The group’s proposal to change the text has been submitted to Pope Francis and he is expected to approve it.  Last year, Pope Francis made news by indicating that “A father does not lead into temptation, a father helps you to get up immediately”. He also added that “lead us not into temptation” is not a good translation because it speaks of a God who induces temptation.  What are we to make of this? Does God tempt us?  No, he certainly does not, but He may put us through times of testing.
Dr. R.C. Sproul in his book The Prayer of the Lord, wrote that nothing could be farther from the realm of possibility that God would entice anyone to sin. Albert Mohler in his book The Prayer That Turns the World Upside Down: The Lord’s Prayer as a Manifesto for Revolution, writes that The Lord’s Prayer might seem to imply that there are times when God does in fact lead us into temptation. Yet when we let Scripture interpret Scripture, we find that God does not tempt his people.” He tells us that while God will never tempt us, he may sometimes test us in order to strengthen our faith, and that we must never allow God’s tests to lead to temptations. James settles the issue for us when he writes in James 1:13 “Let no one say when he is tempted, “I am being tempted by God,” for God cannot be tempted with evil, and He Himself tempts no one.”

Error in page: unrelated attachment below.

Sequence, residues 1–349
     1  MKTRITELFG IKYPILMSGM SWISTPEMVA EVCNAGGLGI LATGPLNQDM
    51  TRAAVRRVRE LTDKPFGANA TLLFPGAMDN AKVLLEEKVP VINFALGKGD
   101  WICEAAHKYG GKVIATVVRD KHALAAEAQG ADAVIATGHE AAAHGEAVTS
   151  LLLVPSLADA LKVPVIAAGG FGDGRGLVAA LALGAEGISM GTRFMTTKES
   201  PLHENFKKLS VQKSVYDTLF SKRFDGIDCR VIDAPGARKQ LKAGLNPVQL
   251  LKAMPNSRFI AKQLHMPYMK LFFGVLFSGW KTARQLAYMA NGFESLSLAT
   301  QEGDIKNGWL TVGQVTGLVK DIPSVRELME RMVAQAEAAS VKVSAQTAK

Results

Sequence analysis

Sproul writes that enticement and temptation to sin arise from within us. External temptations also come from others and from Satan. But God Himself does not engage in temptation to sin. He tells us that God will put His people through a trial, test or ordeal ultimately for their own benefit, and sometimes for other reasons not always understandable to us.
God does not tempt people to sin. However, in permitting our temptation, He does test us. The Lord established a test for Adam and Eve in the garden of Eden when He forbade them from eating of the forbidden tree, but He did not tempt our first parents. Satan did (Gen. 3). Similarly, the Lord tested Job by allowing Satan to interfere in his life and tempt him to curse God, but our Maker did not introduce temptation into Job’s life.  What was meant for evil by Satan, God uses for our good.
Jesus himself was led by the Spirit into the wilderness to be tested as in “to test one’s mettle.”  Although the Spirit put Jesus there to be tested, Satan’s activity was intended to tempt him. To tempt someone is to entice them to commit an evil act. Dr. Sproul tells us that it would be completely out of the character of God to entice someone to sin.